‘A barren public realm dominated by parked cars’

New homes dominated by car park spaces
The landscape around these new homes is dominated by car park spaces

The development of new housing without sufficient transport infrastructure in place has contributed to greater car dependency, leaving non-drivers of all ages isolated, less active and facing more traffic, pollution and congestion, as well as longer commutes.

Transport for New Homes (TNH), which is funded by the Foundation for Integrated Transport and the RAC Foundation, is calling for “healthy, liveable communities where residents can walk, cycle and use public transport to go about their daily lives”.

TNH’s new report challenges car-dependency, calling for greater integration of transport and planning, aimed at improving home owners’ daily lives when living in new housing.

Building away from larger conurbations leaves people needing to travel further to access work and amenities, while many areas lack basic public transport. New housing built in rural locations, at the edge of towns and sometimes skipping the greenbelt can leave those without access to car transport isolated.

The initiative has called for infrastructure that means housing is built where people can walk, cycle or use public transport to access local employment, community facilities, schools and shops.

The project visited a variety of new and older large scale housing developments around England, comparing these urban schemes, brownfield sites and large scale greenfield housing developments with models in Sweden and the Netherlands.

TNH’s report centred around a number of aspects.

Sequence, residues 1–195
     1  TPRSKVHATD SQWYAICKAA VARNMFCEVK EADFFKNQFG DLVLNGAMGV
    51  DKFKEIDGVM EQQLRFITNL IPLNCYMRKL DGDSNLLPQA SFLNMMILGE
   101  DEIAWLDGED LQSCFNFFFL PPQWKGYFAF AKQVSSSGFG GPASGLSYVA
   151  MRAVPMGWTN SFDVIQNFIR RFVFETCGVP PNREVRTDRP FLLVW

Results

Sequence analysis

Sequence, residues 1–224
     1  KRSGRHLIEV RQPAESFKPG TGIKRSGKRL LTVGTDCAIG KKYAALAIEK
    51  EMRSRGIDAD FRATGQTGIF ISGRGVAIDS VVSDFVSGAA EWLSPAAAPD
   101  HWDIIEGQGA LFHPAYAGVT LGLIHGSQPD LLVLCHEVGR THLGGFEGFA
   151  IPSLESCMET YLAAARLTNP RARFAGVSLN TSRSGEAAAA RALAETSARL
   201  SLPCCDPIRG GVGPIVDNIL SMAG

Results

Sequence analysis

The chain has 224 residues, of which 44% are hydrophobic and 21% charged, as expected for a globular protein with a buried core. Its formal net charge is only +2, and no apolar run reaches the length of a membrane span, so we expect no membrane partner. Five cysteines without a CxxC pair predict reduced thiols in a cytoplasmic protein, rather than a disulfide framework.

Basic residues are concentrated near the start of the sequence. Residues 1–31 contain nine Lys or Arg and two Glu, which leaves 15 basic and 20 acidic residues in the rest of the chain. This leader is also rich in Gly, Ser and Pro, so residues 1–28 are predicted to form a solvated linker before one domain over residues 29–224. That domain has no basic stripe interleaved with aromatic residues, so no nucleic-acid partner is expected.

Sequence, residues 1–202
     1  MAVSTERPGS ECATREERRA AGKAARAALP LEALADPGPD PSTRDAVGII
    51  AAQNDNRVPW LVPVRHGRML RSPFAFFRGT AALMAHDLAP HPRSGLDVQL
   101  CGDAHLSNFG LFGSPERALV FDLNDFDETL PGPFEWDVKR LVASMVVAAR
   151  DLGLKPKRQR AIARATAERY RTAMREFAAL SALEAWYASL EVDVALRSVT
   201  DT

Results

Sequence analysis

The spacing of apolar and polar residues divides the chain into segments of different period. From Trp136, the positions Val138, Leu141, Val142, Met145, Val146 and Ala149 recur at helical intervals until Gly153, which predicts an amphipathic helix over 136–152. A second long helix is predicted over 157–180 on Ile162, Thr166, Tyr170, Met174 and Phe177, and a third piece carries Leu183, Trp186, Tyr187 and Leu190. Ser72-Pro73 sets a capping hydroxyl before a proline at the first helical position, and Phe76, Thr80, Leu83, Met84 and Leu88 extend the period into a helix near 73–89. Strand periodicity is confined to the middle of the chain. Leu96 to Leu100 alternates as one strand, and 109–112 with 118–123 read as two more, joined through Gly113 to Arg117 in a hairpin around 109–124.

Car-based living

Local authority targets don’t take into account the need for public transport or proximity to employment or services, resulting in rural or semi-rural property built in isolated locations, often away from transport links or destinations. Ironically, extra road capacity is often funded by the sale of houses that are built before any additional infrastructure is created, thereby exacerbating the problem of car dependency.

The requirement for car parking spaces meant new housing often had little green space, with resultant dreary and impersonal streets and few people seen to be on foot.

Homes not properly connected for pedestrians, cyclists or buses

The report criticised new homes being built on greenfield sites outside towns, which meant they were not properly integrated with existing towns and infrastructure. To access facilities, residents were sometimes forced to walk along fast roads without pavements or lighting.

The report called for local planners to select sites within or adjacent to current urban areas that could be linked to available services and employment. Pavements should not be isolated but looked over by homes and businesses, so that people felt safe when walking.

Public transport opportunities missed

Designing new build estates around the car led to fewer people using public transport. However, where homes had been built close to park and ride stops, rail or tram links were popular with those living there.

The importance of mixed land use and integrated transport

The predominance of supermarkets and large chain outlets near housing estates has led to empty local shops and café units, where residents had lost their sense of community. However, mixed use developments appeared to work, enabling access to work, shops and community amenities alongside residential areas.

The advantages of the new urban quarter

An emphasis on walking routes, cycle ways and public transport access alongside a range of existing shops and services is of benefit to residents, with less dependency on cars. This was particularly the case when evening entertainment was available without the need to drive. Urban quarters, using small and large brownfield sites, should be prioritised, as opposed to current planning guidance. In some areas, brownfield sites were being overlooked because greenfield sites are easier to develop and release funding for new roads.

You can join the initiative’s Supporters’ Network here.

Back to November 2018 Newsletter 

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